and then build out dashboards and reports on and all your marketing. Then you
want to collect this data for product analytics. You want to send this data to
do something like Amplitude to do funnel analysis and drop-offs and so on. Then
you want to send this data to a marketing automation system like Braze. There
are multiple users, consumers of this data. And then as you grow, you want to
collect this data into a data warehouse where you're dumping it into big
queries. And then you build more advanced reports. You do machine learning and
Without a tool like RudderStack, what you have to do is build all these
integrations from your app to your five, 10 different destinations. RudderStack
simplifies that. Instead of you building those integrations, you just send it to
RudderStack and RudderStack can send it to wherever you want to send that data
to. Your engineers are happy. They don't have to go and build those
integrations. Downstream users are happy because the product team wants a new
destination to send the data. They want to move from Amplitude or they want to
try a new tool. They can just enable that in RudderStack and the data moves to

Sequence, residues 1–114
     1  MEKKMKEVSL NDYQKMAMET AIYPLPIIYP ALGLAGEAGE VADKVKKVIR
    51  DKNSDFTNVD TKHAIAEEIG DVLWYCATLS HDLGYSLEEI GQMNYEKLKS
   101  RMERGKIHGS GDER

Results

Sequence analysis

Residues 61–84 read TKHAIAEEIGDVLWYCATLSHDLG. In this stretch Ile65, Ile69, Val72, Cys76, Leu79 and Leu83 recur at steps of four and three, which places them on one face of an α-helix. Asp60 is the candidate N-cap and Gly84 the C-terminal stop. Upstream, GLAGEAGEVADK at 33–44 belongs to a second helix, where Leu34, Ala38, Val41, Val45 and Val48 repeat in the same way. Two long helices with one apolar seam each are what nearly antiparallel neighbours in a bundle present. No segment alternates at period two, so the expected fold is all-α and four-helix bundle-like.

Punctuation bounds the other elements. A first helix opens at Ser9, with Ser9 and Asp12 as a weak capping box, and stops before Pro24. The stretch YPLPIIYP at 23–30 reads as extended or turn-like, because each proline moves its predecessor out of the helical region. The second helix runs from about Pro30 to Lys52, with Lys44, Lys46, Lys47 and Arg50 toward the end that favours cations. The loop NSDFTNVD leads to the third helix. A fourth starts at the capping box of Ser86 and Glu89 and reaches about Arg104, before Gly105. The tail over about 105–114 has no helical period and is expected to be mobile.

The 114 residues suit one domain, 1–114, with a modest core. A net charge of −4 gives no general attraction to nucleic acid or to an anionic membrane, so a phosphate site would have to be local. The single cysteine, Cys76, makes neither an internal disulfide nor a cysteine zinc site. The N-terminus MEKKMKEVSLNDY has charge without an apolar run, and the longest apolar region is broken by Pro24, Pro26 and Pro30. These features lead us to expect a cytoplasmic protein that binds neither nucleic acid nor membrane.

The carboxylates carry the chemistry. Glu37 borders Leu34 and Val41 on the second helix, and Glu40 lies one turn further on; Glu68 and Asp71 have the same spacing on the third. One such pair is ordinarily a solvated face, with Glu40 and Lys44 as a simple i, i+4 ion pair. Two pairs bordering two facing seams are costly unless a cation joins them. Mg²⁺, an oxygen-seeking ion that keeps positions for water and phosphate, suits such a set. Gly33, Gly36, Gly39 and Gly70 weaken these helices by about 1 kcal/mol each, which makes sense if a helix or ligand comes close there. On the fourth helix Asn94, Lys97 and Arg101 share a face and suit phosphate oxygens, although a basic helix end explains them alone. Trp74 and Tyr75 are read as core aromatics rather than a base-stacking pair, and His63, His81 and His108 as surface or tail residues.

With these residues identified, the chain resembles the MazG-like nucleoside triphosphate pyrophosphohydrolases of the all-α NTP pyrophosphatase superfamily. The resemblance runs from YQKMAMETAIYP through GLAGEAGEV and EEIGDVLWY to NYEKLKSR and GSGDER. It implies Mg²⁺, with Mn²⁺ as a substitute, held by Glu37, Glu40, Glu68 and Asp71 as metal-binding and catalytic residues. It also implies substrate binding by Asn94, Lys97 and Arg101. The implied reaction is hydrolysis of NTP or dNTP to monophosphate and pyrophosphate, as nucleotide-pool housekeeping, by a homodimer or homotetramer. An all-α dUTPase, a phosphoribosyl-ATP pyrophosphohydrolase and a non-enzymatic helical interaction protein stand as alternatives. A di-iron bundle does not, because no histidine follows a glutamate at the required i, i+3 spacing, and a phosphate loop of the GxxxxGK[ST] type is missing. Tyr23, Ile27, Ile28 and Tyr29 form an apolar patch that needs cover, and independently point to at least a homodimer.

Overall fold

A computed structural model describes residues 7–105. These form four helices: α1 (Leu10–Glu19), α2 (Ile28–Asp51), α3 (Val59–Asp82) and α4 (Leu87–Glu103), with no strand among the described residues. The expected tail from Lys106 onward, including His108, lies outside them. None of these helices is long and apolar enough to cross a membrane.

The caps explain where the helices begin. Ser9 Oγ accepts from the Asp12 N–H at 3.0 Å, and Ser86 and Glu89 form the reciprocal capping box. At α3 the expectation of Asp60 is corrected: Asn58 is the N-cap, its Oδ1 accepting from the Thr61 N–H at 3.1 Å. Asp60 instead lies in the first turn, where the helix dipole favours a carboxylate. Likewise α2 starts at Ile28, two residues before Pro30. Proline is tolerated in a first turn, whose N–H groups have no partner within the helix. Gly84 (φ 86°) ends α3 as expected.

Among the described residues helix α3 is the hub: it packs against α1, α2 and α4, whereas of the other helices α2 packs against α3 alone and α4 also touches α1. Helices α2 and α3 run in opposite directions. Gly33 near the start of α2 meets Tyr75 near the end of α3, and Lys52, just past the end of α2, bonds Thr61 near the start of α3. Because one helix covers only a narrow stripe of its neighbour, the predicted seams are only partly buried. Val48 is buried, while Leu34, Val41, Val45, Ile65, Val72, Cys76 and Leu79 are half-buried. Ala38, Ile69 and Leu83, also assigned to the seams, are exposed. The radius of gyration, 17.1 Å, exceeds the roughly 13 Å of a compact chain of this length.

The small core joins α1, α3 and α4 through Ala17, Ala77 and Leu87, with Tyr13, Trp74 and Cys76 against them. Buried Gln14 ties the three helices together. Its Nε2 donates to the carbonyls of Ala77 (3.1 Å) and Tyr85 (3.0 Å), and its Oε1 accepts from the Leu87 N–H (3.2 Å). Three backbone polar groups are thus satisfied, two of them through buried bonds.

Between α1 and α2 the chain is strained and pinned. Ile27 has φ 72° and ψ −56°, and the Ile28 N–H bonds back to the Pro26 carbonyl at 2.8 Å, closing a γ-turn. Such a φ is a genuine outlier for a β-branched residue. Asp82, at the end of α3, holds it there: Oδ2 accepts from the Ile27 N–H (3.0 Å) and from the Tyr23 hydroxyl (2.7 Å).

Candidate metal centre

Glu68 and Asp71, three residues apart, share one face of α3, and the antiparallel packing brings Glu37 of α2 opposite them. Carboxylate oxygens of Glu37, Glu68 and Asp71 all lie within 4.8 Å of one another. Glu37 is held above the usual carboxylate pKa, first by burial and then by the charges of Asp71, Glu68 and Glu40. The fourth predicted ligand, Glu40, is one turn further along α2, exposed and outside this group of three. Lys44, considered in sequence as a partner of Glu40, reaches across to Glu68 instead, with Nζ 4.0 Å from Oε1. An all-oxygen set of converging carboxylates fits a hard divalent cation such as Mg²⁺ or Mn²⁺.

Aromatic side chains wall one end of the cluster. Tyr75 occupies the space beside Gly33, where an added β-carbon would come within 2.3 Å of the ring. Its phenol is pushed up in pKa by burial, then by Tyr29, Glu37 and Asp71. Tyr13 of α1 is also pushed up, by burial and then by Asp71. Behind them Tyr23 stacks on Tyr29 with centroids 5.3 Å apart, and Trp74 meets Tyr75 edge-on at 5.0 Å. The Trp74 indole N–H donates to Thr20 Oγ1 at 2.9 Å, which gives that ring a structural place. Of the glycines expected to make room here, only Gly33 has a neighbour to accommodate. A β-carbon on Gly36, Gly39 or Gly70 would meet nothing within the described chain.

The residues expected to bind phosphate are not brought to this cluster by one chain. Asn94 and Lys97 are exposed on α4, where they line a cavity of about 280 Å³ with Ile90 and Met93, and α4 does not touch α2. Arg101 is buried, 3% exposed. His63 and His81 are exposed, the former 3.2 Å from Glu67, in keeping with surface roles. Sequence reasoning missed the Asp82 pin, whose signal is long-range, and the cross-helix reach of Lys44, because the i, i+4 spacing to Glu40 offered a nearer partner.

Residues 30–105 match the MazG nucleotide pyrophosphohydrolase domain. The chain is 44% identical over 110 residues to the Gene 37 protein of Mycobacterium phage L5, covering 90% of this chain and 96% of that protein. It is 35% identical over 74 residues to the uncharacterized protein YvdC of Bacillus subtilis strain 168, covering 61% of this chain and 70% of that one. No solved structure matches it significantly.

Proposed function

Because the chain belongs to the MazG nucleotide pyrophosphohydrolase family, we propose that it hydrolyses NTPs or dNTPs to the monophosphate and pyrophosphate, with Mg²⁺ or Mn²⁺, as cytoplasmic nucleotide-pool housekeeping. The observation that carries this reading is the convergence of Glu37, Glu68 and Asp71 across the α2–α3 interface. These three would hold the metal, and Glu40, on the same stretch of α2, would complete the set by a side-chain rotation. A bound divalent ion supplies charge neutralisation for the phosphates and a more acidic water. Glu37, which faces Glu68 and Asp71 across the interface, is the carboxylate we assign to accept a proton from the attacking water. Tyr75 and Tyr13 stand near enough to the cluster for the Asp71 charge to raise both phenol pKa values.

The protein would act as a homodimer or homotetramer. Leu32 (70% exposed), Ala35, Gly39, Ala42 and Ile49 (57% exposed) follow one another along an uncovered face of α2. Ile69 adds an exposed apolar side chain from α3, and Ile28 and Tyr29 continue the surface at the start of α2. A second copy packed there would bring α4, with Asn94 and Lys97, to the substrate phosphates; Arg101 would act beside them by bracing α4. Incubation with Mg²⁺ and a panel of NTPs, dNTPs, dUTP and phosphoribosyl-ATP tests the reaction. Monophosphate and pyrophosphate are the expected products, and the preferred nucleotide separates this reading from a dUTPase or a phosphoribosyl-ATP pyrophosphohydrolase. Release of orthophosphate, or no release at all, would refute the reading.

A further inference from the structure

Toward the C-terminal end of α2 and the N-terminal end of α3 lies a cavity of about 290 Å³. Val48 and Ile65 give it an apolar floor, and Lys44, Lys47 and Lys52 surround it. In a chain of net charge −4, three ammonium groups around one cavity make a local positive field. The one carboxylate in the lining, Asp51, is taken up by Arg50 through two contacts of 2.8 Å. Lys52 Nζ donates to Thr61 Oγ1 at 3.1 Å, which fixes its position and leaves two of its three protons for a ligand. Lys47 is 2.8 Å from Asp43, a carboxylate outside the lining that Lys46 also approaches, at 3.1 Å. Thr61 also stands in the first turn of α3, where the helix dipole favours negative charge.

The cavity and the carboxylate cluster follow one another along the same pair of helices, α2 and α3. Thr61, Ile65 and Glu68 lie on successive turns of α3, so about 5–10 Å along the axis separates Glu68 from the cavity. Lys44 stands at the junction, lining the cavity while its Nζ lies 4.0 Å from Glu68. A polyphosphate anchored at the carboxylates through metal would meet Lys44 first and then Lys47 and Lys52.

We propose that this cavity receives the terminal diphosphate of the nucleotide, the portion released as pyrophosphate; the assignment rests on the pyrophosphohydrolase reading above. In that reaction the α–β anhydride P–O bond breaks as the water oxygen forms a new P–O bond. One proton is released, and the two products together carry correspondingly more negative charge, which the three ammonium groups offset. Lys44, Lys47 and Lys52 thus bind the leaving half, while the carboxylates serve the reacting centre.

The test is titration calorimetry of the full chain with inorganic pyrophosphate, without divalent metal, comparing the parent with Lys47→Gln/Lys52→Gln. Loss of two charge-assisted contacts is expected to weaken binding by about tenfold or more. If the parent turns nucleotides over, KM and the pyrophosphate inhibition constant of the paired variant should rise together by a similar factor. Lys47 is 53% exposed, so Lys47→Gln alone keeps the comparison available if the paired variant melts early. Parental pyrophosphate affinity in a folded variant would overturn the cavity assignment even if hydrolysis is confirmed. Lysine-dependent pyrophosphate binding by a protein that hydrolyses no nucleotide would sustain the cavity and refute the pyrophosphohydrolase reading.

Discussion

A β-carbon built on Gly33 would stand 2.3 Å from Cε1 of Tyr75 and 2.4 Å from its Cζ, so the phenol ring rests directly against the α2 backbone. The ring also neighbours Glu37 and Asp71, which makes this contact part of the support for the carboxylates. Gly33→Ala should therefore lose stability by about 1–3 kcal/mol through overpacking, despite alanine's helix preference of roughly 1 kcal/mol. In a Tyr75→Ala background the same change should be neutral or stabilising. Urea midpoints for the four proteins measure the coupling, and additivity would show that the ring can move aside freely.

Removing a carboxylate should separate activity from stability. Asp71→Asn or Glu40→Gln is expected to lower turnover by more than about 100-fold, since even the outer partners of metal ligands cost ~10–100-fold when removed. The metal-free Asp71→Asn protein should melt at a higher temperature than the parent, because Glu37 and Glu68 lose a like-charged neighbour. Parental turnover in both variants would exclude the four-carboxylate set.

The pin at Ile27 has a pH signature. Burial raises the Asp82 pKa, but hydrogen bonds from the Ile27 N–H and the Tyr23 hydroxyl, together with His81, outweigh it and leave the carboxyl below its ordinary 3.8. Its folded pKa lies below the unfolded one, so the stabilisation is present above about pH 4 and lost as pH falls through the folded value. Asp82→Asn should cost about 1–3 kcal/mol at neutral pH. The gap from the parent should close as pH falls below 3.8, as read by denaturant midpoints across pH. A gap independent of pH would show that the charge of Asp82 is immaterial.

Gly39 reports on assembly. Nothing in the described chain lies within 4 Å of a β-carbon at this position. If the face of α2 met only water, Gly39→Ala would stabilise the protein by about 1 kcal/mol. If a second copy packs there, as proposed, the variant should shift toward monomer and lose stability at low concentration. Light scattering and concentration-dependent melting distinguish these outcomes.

its new destination.
Those are the kinds of use cases we can enable through RudderStack. And then
there's an interesting category where warehouses themselves are becoming very
powerful. People are dumping all the data into the warehouse. They're building
rich machine learning models. And then they want to activate that data. You want
the computer to score, to make a recommendation, and you want to send that back
into a marketing system to send out emails. Again, that's the integration that
you have to build otherwise. But then you can do it with RudderStack. Think of
it as a tool that simplifies all of these customer data integrations.
Roland Siebelink: Okay, like a middleware between all those customer data
integrations. That's perfect. Who is the key competitor building this in-house?
All those custom integrations that you were mentioning?
Soumyadeb Mitra: Yeah. DIY, do it yourself. This is our number one biggest
competitor because engineers do it themselves. And that is where our open source
product comes in. We are also an open source company, so we tell our customers
if you are to do it yourself, just use the open source and build on top. Why do
you start from scratch? Beyond that, I think the biggest competitors in this
space are custom CDPs like Segment and mParticle and so on. But DIY is what we